"Don't shoot unless you get a real chance," he said warningly. Then he moved to his proper position.

At a signal from Beale all three began to move forward. They went very cautiously. Ted's heart was beating rather more rapidly than usual. He was no tenderfoot, but had done a good deal of shooting in the mountains, and knew very well the risk they were running.

A solitary bull is usually a rogue, an elderly, ill-tempered brute that has been driven out of the herd, and that bears a grudge against all other living things. Invariably it attacks on sight, and its only purpose is to kill as quickly as possible.

Ted was careful to keep well in from the edge of the canyon, and as close to Ross as he possibly could. Ross, a year younger than he, had had very little experience of the hills. He had any amount of pluck, but Ted was not at all so sure whether he had discretion to match.

The wind had fallen and the air was very still. The only sounds that Ted could hear were the murmur of the river in the chasm to his right, and now and then the snap of a twig or the rattle of gravel under the feet of Beale or Ross.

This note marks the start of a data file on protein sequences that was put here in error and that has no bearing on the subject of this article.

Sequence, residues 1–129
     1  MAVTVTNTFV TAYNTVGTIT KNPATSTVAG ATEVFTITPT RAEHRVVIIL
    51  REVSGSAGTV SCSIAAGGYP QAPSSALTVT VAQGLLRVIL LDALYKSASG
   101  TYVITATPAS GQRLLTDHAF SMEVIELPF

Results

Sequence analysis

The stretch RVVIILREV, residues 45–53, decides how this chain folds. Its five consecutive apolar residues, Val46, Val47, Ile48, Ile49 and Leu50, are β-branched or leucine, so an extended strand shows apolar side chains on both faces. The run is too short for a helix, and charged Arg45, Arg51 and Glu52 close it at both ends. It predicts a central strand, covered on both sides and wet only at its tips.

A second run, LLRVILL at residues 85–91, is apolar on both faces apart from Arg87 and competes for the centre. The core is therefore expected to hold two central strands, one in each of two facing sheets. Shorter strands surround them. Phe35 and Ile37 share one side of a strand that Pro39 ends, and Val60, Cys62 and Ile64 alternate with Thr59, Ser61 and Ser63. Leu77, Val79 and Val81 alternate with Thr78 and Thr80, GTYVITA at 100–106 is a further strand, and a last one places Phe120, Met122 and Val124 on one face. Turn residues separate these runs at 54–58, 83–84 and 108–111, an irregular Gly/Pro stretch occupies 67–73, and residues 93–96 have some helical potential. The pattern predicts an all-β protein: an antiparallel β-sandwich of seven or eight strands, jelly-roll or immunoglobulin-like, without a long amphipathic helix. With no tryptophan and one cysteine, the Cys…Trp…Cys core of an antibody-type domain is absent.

Ross he could see most of the time, but Beale only now and then through rifts between the red pine stems.

The trees began to thin. Both the others were now in view, but there was no sign of the buffalo. He began to think that the beast had passed on, and he was not sorry; it was a precious awkward place to tackle such a brute.

Just as he had arrived at this comforting conclusion a heavy crash made him start. He pulled up short, and at that moment a great black-maned brute came charging like a thunderbolt out from behind a pile of rocks which lay close under the cliff to his left.

He saw Beale stop and hastily take cover behind a big boulder. Next moment his rifle cracked; the buffalo stopped short, and, bellowing fearfully, began to paw the ground.

"The fool!" cried Ted aloud. "The ever-lasting fool! Why didn't he wait?" For he saw that Beale had fired at such range that the chances were a hundred to one again his doing more than wound the monster.

Ross sprang forward eagerly and raised his rifle. But he was sixty yards from the bull.

"Wait!" shouted Ted. "Wait! Don't shoot!"

But the mischief was done. The bull had seen Ross. It lowered its huge, shaggy head and went straight at the youngster as hard as it could gallop. The very earth seemed to shake under the rush of its pounding hoofs. The pace at which it came was astonishing for so bulky a brute.

Ted rushed towards Ross. Quite what he meant to do he hardly knew. His one idea was to save his chum.

Ross meanwhile had raised his rifle. Either he had not heard Ted's warning shout, or, in his excitement, had not noticed it.

Just as Ted reached him he blazed away.